Monday, April 21, 2008

The Crowd - Final Draft

I can hear the car horn screaming, a constant. Faces swarm, buzzing about me, encircling like vultures. Several people ask if I’m okay, they’re spoiling the enjoyment of the clouds scudding across the sky but I don’t say that; I sense in the disquieting looks that it’s bad form to do so. Right now, at least.
There is a sticky wetness around my head and I reach with my arm to brush it away, but someone tells me to stay still. Without being told I know it’s my blood, it’s something I can sense but I’m unsure of how it came to pillow my head. I imagine it as a red halo, a radiance of my life as it flows from an unseen wound.
It’s then that I look at the faces crowding around my prone form: a woman with a shriek of red in her hair; a man with testudinarious specs on, their stippled form catching the rays of the morning sun and forming macula on his face – they look like liver spots although he can’t be more than twenty years old; an old couple, holding hands as if to stop them falling into the abyss that contains me, their lachrymogenic faces a mixture of pity and shame. I also see angry faces, a gamut of visages irritated at my holding them up, my getting in the way of their daily routines. My first thought was fuck ‘em. I could feel the shudder of laughter travel through my body, but tight-lipped kept it down like the sickness of pregnancy.

Can you talk? What’s your name? Can you hear me? A barrage of questions. I think: at least I’m wearing clean knickers.

Of course, it’s all Jeremy’s fault. I mean, if it wasn’t for him, his actions, I wouldn’t be here lying in the road wondering if my brain is going to stay inside my skull. The fucking deadbeat. I imagine him now, sitting at his desk toying with his bloody Blackberry – about the only tool he knows how to use properly. Actually, that’s unfair. I used to think Jeremy was amazing, the clich├ęd best thing since sliced bread, et-cet-ter-rah. And he was.
It’s true to say that Jez – he likes it when I call him that – and I have history. Goes back about 18 months. I’d just started at the publishers where I’d been employed to be his personal assistant. I had no previous experience, but I obviously struck a chord with Jeremy because he hired me there and then, no second interview, no meeting the partners, HR or anyone else. Just said to me: you start tomorrow, unless you can start right now? When I asked what he meant, he asked me to follow him.
I got up to walk out after him, but he stopped me short, told me to wait two minutes and meet him on the corner by the Starbucks – he held up two thick fingers in a victory sign; that’s Jez, he likes to gesture to make his point. Well, intrigued as I was, I knew where this was leading and I wanted to be led.
Within ten minutes of leaving the office, I was naked on a bed, Jez’s head buried in my crotch. Afterwards, I asked if this was paid overtime. Jez laughed, said he knew he’d hired the right girl for the job and that the job was right for me: I was good at it. Then he smiled; a twinkle in his eye, a wrinkle in his jaw. See you Monday, he called.
I’d fallen on my feet. Or rather, my back. Either way it was good.

Friends were monitive. That I expected. But the ferocity some displayed, well, it was almost as if I’d committed some heinous crime against their children or something. I steered clear of a few people, shall we say. Shame I hadn’t steered clear of the car that’s currently casting a shadow across my prone form. Bloody Jez, the bastard, I completely blame him for my present predicament.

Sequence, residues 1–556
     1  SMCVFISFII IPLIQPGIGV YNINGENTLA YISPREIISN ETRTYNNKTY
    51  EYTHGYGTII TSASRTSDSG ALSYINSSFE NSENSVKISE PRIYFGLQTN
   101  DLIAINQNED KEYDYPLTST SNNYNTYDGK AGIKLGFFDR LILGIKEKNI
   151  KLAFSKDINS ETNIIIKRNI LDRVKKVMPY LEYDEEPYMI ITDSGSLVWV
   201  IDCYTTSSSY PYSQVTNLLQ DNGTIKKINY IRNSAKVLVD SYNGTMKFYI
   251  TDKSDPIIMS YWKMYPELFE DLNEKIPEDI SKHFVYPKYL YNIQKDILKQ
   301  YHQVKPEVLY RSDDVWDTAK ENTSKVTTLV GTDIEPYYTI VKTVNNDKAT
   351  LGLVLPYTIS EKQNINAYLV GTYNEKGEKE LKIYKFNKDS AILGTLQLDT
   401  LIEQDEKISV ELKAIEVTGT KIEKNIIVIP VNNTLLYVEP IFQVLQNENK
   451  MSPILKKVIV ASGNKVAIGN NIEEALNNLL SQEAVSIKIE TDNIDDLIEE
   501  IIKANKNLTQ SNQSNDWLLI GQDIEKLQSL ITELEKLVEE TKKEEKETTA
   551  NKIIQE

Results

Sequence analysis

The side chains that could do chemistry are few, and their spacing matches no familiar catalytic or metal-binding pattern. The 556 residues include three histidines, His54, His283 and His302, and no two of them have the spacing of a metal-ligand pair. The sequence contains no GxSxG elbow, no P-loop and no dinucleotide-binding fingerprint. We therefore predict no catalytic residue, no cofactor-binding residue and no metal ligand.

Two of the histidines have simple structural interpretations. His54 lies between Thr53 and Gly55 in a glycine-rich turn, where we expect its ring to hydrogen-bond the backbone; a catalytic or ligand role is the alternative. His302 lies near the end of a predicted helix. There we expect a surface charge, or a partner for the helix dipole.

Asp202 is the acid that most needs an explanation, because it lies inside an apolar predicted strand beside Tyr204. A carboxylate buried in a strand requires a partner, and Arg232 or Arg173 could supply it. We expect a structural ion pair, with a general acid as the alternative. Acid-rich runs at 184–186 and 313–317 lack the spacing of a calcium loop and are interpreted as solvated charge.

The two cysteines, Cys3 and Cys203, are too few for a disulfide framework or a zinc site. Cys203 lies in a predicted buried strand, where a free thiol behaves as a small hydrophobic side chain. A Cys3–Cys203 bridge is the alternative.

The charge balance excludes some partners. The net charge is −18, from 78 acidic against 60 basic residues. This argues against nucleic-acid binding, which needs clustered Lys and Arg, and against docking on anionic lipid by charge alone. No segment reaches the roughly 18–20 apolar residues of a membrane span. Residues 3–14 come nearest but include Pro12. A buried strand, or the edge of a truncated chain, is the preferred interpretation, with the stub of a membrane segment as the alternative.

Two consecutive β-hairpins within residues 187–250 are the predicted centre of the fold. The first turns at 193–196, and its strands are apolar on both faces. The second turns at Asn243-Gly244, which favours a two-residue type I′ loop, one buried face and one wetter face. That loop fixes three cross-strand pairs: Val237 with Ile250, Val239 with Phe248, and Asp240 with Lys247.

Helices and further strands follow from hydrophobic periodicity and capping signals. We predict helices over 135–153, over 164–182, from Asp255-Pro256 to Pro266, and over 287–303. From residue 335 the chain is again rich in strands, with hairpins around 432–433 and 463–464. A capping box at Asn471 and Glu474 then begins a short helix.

You see, all had been well. I knew about his wife. Admittedly, finding out about his kids had been a mule-kick to the stomach, but I’d hidden my dismay and surprise well, considering he had me pinned to a hotel bed in Soho. None of that prepared me for the bombshell which led to me being surrounded by strangers, my brain leaking on to a London street during the lunchtime rush.

I’d gone into the office as I usually would. I knew there was nothing on my agenda – and soon to be nothing on me whatsoever, apart from a sheen of sweat and a naked Jeremy. As soon as I stepped through the swishing glass doors I knew something was up. There was a charge to the atmosphere, beyond the normal hatred directed at me by other female employees – and a couple of male ones, too; seemed Jez was more metrosexual than even he’d considered. I tried to ignore it, head held high, stilettos striding forward, back straight, skirt smooth. I poured myself a coffee from the percolator in the staff kitchen and took it through to my desk in Jez’s office. Before I even had a chance to take off my coat, sip my coffee and place my pert bottom (Jez’s description, I hasten to add) on my seat when Jez came in. I smiled, but he told me to meet him in the usual place. While Jez wasn’t one for routine, even I sensed something – it was rare that Jez wanted to screw first thing in the morning, preferring to take long lunches over which to savour my body.

And that’s why I find myself here, lying on tarmac instead of silk sheets.

I gulped my coffee down, grabbed my purse and mobile and headed out after Jez, not wanting to keep him waiting if he was feeling needy. I got in the car, no word. It was only after we’d been in the usual room for twenty minutes that he broke the news: it was over. I didn’t know what to say, found it difficult to speak – mainly because I had a mouthful of Jez’s cock. I’d blotted that out before, only remembering it as the ambulance man pulled out a piece of flesh stuck in my teeth
You’re lucky we were here, love, he said. We were responding to a call over at the hotel when we saw the crowd. Seems some bloke got his just desserts, he chuckled, glancing at his partner. Hang on, love, what’s that? Say again.

Can you get someone to turn that bloody horn off? It’s giving me a headache.